This study sought to account for the behavior of democratic winners in the treatment of the defeated states with respect to the externalization of democratic ideas and norms. In other words, respect for public sovereignty and consent of democratic states makes them believe that although democratic states prevail in international conflict their right to conquer or annex territory should be limited without the consent of affected people and that the creation of new appropriate governance would prevent the repetition of interstate conflict and eventually promote international peace and security. This finding regarding democratic winners, therefore, can contribute to the literature on democratic foreign policy by showing how democratic norms and ideas can be externalized in the settlement of international conflict and in particular the treatment of defeated states via the procedures of territorial change.

This study may also have important implications for international relations and foreign policy practice. First, for a couple of last decades international scholars have agreed that territorial change, in particular conquest has substantially declined. However, Dan Altman recently points out that it is only partly accurate and claims that “Conquest remains a central issue in international politics―it has merely become smaller…the seizure of small territories will be “the most common spark for wars” among states (2021, 2-12). Therefore, it is important to continue to pay attention to how ongoing dispute generates territorial change to prevent conflict and promote peace.

On the other hand, insofar as democratic states are less likely to conquer or annex the territory after conflict and more likely to choose to construct a new political entity in that territory, this effort may prevent recurrent conflicts and advance peace between the two parties that fought. However, at the same time, it may demand additional commitments and investments on the part of democratic winners to create and support the construction of a new entity or state. Both international relations scholars and practitioners should pay greater attention to the exploration and development of a successful and sustainable model for this construction process.

Since this study only covers the period from the late nineteenth century to the twentieth century, its findings need to be interpreted cautiously for the understanding of current international relations and foreign policy of democratic states. After the Cold War ended, it seems that democracy was advancing, but this optimism did not last long. In the twenty first century authoritarian states are back backed by both “economic performance and military might” and this “authoritarian turn of recent years reflects the flaws and failings of democratic systems” (Mounk 2021, 163). This trend may affect international relations and foreign policy in the coming years and therefore future studies should continue to address the functions of democratic ideas and norms in the context of the contest between democratic and nondemocratic states and discuss their implications for international relations and state foreign policy.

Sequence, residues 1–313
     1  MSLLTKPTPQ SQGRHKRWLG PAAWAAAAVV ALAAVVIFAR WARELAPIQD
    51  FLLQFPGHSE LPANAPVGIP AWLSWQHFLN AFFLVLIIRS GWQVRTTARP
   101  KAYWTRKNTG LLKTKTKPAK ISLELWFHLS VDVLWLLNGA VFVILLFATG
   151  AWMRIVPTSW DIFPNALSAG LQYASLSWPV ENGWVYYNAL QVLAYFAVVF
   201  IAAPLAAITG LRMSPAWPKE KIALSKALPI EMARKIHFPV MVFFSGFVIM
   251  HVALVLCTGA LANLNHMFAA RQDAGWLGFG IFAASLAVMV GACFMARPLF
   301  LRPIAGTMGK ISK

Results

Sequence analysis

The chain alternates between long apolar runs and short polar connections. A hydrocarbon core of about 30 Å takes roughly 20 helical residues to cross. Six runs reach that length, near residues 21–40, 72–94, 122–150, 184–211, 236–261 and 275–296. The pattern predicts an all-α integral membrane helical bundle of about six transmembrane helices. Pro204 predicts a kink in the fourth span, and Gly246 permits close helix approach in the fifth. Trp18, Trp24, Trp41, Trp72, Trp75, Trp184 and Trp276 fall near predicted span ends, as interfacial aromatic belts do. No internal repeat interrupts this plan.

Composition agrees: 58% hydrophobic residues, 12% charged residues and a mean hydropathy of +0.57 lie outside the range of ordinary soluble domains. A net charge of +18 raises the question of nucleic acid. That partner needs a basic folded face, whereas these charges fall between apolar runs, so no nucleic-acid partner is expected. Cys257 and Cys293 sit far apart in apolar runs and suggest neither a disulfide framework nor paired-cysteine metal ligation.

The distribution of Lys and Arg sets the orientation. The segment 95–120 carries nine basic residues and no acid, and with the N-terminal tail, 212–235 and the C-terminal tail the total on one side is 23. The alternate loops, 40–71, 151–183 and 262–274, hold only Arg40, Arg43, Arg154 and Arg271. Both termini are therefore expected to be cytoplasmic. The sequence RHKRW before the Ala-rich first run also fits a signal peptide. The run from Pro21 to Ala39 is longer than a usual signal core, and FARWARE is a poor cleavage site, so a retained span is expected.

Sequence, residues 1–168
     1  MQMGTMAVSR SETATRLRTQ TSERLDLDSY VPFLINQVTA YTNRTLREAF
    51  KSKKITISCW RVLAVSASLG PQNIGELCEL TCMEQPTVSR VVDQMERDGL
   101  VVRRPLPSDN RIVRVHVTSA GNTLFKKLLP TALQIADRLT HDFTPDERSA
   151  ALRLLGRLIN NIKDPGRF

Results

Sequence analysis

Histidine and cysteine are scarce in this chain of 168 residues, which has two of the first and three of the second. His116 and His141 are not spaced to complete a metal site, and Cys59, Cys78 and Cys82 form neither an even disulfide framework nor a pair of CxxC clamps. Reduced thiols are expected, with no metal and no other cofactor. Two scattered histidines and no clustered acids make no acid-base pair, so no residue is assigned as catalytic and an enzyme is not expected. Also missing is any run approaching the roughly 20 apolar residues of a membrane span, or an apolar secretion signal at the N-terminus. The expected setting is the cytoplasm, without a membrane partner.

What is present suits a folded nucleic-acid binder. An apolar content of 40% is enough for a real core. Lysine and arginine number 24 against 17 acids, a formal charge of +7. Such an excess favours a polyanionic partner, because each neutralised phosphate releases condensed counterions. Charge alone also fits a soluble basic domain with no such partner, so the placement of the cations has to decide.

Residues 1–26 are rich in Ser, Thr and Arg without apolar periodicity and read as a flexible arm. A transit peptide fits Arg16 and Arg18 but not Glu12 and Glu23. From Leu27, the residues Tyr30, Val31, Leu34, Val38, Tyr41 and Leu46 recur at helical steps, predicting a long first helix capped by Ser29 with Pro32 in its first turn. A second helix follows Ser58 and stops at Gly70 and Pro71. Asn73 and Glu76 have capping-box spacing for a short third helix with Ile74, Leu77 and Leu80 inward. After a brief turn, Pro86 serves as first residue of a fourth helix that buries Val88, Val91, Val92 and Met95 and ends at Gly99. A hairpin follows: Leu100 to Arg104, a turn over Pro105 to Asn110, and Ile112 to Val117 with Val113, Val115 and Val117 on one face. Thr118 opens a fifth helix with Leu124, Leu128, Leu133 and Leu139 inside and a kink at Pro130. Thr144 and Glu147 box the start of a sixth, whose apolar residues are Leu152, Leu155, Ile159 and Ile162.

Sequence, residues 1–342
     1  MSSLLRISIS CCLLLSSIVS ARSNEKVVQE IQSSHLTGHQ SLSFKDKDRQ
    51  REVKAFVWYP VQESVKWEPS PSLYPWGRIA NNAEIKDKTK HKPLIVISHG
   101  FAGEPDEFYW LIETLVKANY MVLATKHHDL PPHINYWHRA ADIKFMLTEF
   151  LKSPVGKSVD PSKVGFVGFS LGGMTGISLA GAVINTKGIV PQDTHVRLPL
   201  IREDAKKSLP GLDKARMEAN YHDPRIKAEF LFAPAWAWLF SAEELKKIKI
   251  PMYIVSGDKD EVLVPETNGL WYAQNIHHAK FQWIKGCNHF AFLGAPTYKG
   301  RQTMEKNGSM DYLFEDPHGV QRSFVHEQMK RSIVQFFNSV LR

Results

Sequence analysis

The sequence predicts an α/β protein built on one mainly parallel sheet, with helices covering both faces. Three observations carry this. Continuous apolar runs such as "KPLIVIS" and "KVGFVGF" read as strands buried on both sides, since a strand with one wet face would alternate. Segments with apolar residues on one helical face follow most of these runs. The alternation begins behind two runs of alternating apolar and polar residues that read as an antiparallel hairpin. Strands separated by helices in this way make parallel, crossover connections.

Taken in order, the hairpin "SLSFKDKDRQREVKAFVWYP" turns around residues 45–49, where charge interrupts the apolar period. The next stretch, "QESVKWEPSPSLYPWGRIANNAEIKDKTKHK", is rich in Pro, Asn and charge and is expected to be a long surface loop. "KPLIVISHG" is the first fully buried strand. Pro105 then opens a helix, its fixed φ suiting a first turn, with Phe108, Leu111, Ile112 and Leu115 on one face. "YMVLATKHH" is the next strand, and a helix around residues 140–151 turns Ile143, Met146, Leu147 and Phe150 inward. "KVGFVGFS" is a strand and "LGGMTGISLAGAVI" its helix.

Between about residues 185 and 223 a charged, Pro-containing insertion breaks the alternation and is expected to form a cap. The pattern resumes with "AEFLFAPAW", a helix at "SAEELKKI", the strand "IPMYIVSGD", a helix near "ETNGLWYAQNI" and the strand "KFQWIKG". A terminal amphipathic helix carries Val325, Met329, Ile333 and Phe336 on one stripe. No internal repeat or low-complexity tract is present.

Footnote

1 With respect to the impact of democratic winners on the international system, Ikenberry focuses on international institutional building and strategic restraint by the United States (2001).

2 Levy provides a comprehensive literature review on this debate and mentions that the democratic peace proposition acquired “a nearly law-like status” (2002, 467-472). Also see Rosato (2003) for a critique and review on democratic peace, Desch (2002; 2008) on democratic victory, and Gartzke and Gleditsch (2004) on democratic commitment.

3 For a study on the relationship between democratic peace and territorial disputes, see Gibler (2007), Park and James (2015) and Owsiak (2016).

4 Woodrow Wilson, Address to the Senate, January 22, 1917, PWW, XL, 533-539 quoted in Knock (1992), 112-113.

5 Wilson, Address to a Joint Session of Congress, April 2, 1917 in Link ed. (1966), Vol. 41, 525.

6 Speech by Woodrow Wilson, February 11, 1918 in Dockrill and Goold (1981), 32.

7 They, however, gained some significant territories by dividing up the colonies of the defeated powers. See Korman (1996), 132-142.

8 After World War II the United States maintained its control over some of the Pacific Islands that formerly belonged to Japan. Further for US territorial expansion or conquest see Maass (2020).

9 Conquests of entire states became rare after 1945 (Fazal 2007), however, conquests of small pieces of territory have persisted (Altman 2020).

10 For a more recent study about this argument, see Liberman (1998) and Markowitz, Mulesky, Graham, and Fariss (2020).

11 The interpretation of the marginal impact of the explanatory variables on the predicted probability of the procedures of territorial change is based on King, Tomz and Wittenberg (2000).

12 The strength of this empirical finding is still limited. It is because this study tests the impact of democracy instead of the impact of the democratic norms and ideas in the statistical model therefore the causal mechanisms of the argument should be only inferred from historical development and theoretical discussion.

Tables
Table. 1. ORDERED PROBIT MODEL OF THE PROCEDURE OF TERRITORIAL CHANGE
Table. 2. THE MARGINAL IMPACT OF SIGNIFICANT INDEPENDENT VARIABLES ON THE PROCEDURES OF TERRITORIAL CHANGE
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20-1 (April 2022)